For our first meeting of the semester, we got to hear from newly-minted Mentorship Co-Chair Katy May about her science communication work for the Center for Human Health and the Environment. As is tradition though, this was preceded by a science communication icebreaker activity. For this activity, we split up into two groups: one group being scientists, the other being science communicators. In this role-playing game, the science communicators practiced interviewing the scientists about their work (in this case, the research they are involved in here at NC State). But there was a catch! Each science communicator was assigned a specific role to play. These varied from “The Silent One,” a science communicator that asked very few questions and instead tried to encourage the scientist to keep talking by having positive and encouraging body language, to “The Overtalker,” a science communicator that repeatedly talks over their interviewee and doesn’t let them finish their thoughts. Other science communicator roles included “The Shy One,” who only asked questions while staring at the floor and “The Empath,” who only asked emotion-laden, touchy-feely questions.
This activity had a number of purposes. First, it got all the participants a bit more used to being in the awkward interpersonal situations that often go along with being a science communicator, particularly in the interviewing context. Embracing that awkwardness can be key to getting a good quote or encouraging meaningful responses. For example, sometimes a science communicator will find themselves interviewing someone who is not very forthcoming. In these situations, one journalistic exercise to draw on is that employed by “The Silent One” in our game. By letting a too-succinct answer just sit in the air, a tactful science communicator can encourage a quiet interviewee to expand on their answer, which might give the science communicator a better quote or more in-depth information about what they are reporting on. Few people are comfortable stewing in silence in an interview context, so most scientists will fill this space with their own voice if the interviewer seems to be expecting more from them.
Another example of embracing awkwardness comes from “The Empath.” In an interview with a scientist, it can be easy to focus too much on the nuts and bolts of the science that was conducted and neglect the more relatable human sides of a story. Focusing more closely on how a certain discovery or research result felt can feel a bit strange to bring up, but it often leads to a much richer interview that can give you a better quote.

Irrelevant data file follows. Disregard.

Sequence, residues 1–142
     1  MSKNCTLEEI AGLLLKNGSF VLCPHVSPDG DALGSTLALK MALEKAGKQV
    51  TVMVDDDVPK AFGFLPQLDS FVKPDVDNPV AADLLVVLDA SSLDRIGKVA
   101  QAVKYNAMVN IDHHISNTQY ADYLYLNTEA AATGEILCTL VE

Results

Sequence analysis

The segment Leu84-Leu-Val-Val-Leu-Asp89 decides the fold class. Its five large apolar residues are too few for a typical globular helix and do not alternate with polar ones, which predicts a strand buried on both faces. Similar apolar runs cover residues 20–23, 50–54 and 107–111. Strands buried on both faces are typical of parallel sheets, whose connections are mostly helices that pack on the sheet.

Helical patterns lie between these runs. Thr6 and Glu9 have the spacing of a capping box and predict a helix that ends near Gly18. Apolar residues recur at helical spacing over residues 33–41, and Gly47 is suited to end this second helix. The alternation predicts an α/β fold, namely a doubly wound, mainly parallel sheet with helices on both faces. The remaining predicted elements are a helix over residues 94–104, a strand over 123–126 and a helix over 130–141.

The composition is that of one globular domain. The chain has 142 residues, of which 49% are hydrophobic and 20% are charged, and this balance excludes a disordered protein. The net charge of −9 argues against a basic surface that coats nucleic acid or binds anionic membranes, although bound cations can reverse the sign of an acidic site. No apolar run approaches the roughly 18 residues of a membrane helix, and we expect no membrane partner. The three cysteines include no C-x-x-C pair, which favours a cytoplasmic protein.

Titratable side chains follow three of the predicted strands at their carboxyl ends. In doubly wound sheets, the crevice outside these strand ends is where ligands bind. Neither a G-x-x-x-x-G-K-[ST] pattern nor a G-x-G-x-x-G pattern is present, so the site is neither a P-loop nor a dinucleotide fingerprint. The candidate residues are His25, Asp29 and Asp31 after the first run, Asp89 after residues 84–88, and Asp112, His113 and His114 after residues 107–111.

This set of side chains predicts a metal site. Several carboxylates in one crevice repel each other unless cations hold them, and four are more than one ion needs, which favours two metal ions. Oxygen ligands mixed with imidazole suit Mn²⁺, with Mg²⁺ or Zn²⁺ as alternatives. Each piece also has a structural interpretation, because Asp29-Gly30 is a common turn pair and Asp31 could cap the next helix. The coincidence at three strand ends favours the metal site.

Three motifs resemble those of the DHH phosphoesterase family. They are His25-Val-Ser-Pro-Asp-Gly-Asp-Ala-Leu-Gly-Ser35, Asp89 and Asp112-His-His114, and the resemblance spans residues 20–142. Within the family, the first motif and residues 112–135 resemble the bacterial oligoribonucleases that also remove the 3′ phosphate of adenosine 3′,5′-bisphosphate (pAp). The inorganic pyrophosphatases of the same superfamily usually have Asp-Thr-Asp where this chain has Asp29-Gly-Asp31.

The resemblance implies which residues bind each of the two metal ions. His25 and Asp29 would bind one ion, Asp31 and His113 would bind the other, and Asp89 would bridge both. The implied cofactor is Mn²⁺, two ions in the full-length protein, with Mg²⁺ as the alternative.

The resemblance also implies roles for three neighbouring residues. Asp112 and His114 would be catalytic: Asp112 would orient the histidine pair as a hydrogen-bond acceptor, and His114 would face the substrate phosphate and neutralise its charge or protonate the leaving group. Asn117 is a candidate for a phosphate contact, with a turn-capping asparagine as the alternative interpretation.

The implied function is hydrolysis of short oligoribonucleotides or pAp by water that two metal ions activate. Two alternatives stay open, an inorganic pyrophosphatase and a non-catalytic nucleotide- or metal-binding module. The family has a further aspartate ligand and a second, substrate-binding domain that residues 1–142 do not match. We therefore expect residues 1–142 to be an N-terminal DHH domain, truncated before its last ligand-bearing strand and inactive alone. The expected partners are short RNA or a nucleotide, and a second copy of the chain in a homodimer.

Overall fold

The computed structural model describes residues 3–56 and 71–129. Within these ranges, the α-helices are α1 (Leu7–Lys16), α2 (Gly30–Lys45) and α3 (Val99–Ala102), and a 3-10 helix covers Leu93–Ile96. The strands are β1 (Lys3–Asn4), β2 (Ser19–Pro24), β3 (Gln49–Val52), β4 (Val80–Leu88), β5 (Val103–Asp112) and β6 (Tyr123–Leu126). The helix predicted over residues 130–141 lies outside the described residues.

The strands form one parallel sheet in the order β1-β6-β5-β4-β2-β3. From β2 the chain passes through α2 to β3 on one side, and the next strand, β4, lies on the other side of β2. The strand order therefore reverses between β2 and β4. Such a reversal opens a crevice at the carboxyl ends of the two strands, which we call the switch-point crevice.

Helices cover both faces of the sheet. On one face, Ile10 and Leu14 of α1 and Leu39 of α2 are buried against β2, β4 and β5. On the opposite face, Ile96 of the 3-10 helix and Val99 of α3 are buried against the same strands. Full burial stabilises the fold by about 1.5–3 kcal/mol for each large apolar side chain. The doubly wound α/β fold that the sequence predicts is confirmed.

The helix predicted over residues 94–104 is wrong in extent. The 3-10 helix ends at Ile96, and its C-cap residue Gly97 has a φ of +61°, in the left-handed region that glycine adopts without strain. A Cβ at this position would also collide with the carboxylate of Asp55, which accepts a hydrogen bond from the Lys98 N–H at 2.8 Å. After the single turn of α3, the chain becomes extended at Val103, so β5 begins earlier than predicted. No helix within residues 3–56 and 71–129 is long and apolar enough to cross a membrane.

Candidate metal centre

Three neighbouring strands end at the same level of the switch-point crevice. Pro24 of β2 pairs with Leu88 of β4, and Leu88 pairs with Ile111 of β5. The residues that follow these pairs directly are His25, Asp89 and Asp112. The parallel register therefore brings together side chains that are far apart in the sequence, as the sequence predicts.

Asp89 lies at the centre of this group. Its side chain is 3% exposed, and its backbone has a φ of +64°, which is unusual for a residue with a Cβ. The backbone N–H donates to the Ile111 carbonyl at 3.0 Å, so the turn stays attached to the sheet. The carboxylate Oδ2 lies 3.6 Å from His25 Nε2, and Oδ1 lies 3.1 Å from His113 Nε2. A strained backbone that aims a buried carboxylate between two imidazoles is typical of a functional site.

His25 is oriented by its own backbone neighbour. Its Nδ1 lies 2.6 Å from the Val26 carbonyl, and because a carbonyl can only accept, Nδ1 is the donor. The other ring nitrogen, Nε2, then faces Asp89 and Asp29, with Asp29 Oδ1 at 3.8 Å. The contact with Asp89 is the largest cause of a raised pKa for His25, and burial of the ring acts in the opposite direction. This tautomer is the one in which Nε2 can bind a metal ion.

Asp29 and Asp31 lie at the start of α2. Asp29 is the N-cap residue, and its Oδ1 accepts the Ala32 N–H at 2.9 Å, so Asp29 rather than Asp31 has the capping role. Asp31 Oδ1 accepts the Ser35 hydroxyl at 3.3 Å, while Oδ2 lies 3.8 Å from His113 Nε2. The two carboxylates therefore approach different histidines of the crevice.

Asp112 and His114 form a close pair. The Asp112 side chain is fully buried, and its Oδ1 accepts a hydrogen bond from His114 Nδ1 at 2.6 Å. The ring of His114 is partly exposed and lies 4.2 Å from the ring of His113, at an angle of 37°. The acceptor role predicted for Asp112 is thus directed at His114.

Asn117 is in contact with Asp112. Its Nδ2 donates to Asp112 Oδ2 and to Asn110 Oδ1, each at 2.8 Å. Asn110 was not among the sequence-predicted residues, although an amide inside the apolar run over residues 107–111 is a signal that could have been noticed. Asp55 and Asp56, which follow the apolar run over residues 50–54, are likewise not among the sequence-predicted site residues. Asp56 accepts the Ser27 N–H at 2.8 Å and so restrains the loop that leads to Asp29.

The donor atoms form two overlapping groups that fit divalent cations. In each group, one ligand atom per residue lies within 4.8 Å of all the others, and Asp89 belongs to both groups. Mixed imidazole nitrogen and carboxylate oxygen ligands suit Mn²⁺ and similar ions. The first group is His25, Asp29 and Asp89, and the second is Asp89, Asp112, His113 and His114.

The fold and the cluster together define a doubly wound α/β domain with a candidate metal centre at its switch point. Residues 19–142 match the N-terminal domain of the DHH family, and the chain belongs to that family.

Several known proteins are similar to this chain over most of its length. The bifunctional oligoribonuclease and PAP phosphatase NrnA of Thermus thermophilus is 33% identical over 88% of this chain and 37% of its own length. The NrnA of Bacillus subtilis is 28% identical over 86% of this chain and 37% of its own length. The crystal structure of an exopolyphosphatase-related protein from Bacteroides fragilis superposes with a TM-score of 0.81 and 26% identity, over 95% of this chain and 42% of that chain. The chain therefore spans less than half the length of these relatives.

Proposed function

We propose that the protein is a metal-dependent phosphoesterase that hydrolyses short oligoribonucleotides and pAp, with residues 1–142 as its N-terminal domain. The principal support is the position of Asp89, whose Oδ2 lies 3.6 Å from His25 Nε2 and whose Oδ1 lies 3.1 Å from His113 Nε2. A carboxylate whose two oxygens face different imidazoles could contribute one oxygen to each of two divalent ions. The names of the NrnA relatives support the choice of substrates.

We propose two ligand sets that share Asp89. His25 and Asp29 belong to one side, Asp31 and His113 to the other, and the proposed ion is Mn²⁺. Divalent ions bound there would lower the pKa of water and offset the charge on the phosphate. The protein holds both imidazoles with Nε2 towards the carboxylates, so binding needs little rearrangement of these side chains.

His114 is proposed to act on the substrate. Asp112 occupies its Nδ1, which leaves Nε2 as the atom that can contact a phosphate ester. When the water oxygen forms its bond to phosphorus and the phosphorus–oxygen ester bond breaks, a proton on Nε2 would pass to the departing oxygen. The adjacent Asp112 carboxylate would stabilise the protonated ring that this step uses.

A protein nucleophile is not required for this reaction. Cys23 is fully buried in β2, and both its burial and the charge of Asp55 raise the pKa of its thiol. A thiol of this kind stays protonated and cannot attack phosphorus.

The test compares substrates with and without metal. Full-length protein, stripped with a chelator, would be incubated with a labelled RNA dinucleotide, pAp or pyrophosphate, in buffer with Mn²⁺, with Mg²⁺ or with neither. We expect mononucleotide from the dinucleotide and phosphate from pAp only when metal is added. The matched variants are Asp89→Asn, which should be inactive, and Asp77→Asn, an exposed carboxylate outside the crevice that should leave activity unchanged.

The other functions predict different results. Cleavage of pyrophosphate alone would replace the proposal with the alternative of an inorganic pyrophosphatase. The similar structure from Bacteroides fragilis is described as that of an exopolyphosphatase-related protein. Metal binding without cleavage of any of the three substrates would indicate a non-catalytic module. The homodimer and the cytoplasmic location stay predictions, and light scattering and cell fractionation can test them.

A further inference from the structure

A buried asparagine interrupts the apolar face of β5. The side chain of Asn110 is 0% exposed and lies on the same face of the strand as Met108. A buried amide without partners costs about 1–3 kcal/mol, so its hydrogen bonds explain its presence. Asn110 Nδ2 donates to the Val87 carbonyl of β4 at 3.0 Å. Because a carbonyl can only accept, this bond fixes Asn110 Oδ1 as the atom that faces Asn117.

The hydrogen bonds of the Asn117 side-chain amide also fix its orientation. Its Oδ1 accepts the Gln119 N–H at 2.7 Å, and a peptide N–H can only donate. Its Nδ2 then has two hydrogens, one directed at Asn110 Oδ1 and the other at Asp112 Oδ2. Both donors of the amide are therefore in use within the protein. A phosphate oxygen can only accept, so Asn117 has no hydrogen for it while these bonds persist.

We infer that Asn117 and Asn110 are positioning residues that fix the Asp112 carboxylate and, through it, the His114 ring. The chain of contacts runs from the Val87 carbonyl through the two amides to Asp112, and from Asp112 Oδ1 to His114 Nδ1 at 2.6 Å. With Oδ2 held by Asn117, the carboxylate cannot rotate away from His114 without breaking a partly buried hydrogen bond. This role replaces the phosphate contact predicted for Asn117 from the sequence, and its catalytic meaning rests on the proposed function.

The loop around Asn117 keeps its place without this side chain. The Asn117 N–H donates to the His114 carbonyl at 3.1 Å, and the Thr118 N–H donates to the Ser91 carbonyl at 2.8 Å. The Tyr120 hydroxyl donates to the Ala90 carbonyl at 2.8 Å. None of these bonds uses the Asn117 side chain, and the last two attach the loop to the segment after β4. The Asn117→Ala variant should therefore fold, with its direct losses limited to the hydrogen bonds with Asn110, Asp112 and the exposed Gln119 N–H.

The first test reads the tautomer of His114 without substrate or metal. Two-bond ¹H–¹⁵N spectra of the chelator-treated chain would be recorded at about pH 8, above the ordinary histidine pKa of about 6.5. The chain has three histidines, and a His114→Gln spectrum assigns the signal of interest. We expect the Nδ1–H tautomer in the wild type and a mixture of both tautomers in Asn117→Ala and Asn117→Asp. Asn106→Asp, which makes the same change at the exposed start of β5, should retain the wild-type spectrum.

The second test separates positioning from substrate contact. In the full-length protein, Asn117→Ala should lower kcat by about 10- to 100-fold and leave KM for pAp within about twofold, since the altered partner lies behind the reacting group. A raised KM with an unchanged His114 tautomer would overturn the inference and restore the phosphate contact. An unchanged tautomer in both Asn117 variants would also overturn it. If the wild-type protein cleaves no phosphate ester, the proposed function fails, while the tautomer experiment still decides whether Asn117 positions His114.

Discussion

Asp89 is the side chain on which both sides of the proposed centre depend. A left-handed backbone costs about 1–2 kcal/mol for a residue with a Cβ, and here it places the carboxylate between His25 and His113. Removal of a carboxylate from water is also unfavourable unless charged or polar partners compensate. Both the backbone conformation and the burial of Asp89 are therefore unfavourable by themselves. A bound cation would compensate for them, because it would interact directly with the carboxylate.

This activity also taught science communicators to learn what to avoid when interviewing. Body language makes a big difference in an interview, and participants in this activity learned why eschewing the techniques used by “The Shy One,” is so important. And on the flip side of the coin, coming across as hyper-engaged in the conversation such that you’re not giving the interviewee space to respond fully can cut short what might have otherwise turned into a good quote.
After the game, we got to hear from Katy May about how she balances her science communication work with her schoolwork. Katy May, who is Co-Chair of the SSS Mentorship Committee, works full-time for the Center for Human Health and the Environment as the Director of Community Outreach and Engagement. In this role, she is responsible for translating the Center’s scientific knowledge into language and practice that is engaging and relevant to the community. This work takes a variety of science communication skills and one particularly unique aspect of the job is an outreach event where scientists from the Center sit down with community members at a bar to chat about the research they do and its relevance and importance. Katy helps train these scientists to better engage with the community and to translate their research into something relatable. On top of all this work, Katy is also a part-time PhD student at NC State studying Science Education. Katy talked with the group at length about how she balances these responsibilities, the exciting life of a joint science communicator-PhD student, and how she hopes to use these experiences going forward. It was a great talk! Thanks to Katy for leading this week’s meeting. Next week: effective science poster design!